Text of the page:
We encourage an open-minded attitude among South Valley residents toward the Cordoba Center
One of the most fundamental of liberties we enjoy under the protection of the Constitution is the freedom of our religious choices. The First Amendment secures for Americans the free exercise of religious belief and worship. The Fourteenth Amendment prohibits discrimination, including discrimination based on religious thought, by securing for individuals “the equal protections of the laws.”
Despite these noble ambitions for religious liberty, there is a dark side to the American character. Throughout our history, people have faced bigotry and prejudice based on their theistic beliefs. Among the faith groups that have faced the pain of intolerance from fellow Americans are Catholics, Jews, Native Americans and Mormons.
The Jehovah’s Witnesses faced religious intolerance in the early 1940s after the Supreme Court ruled in the case Minersville School District v. Gobitis that public schools could force students to salute the American Flag and recite the Pledge of Allegiance despite the students’ religious objections to these classroom group activities. In small towns across America, Jehovah’s Witnesses were pulled out of their homes and cars and literally tarred and feathered by people who saw their “unpatriotic” views as a threat. Many were pushed to do humiliating things such as kissing the flag and tied up and paraded through the streets. One man was kidnapped and castrated because of his faith in the Jehovah’s Witnesses belief system.
Members of the Islamic faith have also long been targeted in America with discrimination. After the attacks of Sept. 11, 2001, anti-Muslim sentiment and activity sharply increased. A Pew Research Center survey conducted in March found that most Americans (82 percent) say Muslims are subject to at least some discrimination in America today. A majority (56 percent) say Muslims are discriminated against a lot.
A 2017 survey of Muslim Americans by Pew found that many said they have experienced specific instances of discrimination such as being singled out by airport security, called offensive names or treated with suspicion.
Muslims in South Valley for years have been pursuing approval from the county’s planning commission to construct the Cordoba Center in San Martin, which will include a mosque, community center and cemetery on the site. They have faced much resistance.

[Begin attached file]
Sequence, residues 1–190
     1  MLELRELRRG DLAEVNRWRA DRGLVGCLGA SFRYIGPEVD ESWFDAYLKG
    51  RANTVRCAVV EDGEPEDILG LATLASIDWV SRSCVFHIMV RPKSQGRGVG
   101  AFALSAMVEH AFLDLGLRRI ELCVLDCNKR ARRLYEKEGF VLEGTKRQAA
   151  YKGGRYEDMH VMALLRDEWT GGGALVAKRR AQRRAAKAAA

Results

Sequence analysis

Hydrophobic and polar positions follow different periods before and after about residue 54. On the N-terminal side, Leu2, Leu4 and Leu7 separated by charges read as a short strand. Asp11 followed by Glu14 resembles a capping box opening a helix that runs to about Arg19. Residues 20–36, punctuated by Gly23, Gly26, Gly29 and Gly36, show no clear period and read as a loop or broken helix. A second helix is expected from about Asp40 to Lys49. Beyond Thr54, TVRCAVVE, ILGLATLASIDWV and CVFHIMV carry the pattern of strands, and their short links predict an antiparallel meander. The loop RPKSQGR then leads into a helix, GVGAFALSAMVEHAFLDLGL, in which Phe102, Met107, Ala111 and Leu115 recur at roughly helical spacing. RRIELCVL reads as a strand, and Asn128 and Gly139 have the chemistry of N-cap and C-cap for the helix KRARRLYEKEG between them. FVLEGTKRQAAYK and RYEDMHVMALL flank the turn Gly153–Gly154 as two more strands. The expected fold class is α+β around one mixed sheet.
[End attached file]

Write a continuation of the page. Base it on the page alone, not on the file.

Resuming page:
Those who oppose this religious center have expressed concerns about the facility including the size of its structures and the potential of well water becoming contaminated. Unfortunately, we must acknowledge, based on written correspondence and verbal communication we have received, that there may be a degree of intolerance among some — not all — people who oppose the project.
For 13 years, the members of the South Valley Islamic Community have strived to get to the point where they can start to build their religious center. The project has faced opposition from a small but vocal group opposed to a local Muslim place of worship.
After Santa Clara County granted a land use permit in September 2012, this group sued the county with a claim it failed to assess the environmental impact of the project’s potential growth over time.
To avoid a protracted legal battle, SVIC members voluntarily relinquished the permit and agreed to conduct a more extensive Environmental Impact Report.
We encourage an open-minded attitude among South Valley residents toward the development of the Cordoba Center. Local Muslims have shown tremendous respect to their San Martin neighbors in ensuring the facility will have minimal impact on their quality of life. We as a community, in turn, must respect their religious liberty and make sure their constitutional rights to freedom of belief is preserved.
In 2006 Keith Ellison, the first Muslim ever elected to Congress (representing a district in Minnesota), took his oath of office with his hand on an English copy of the Qur’an once owned by Thomas Jefferson.
The founding father who penned much of the Declaration of Independence also wrote the Virginia Statute for Religious Freedom, a statement about both freedom of conscience and the principle of separation of church and state. Passed by the Virginia General Assembly Jan. 16, 1786, it serves as the forerunner of the First Amendment protections for religious freedom in the Bill of Rights.
On the wall of the northwest portico of the Jefferson Memorial in Washington, D.C., the great man’s words on freedom of belief are engraved in stone:
“Almighty God hath created the mind free. All attempts to influence it by temporal punishments or burthens … are a departure from the plan of the holy Author of our religion … No man shall be compelled to frequent or support religious worship or ministry or shall otherwise suffer on account of his religious opinions or belief, but all men shall be free to profess and by argument to maintain, their opinions in matters of religion. I know but one code of morality for men whether acting singly or collectively.”
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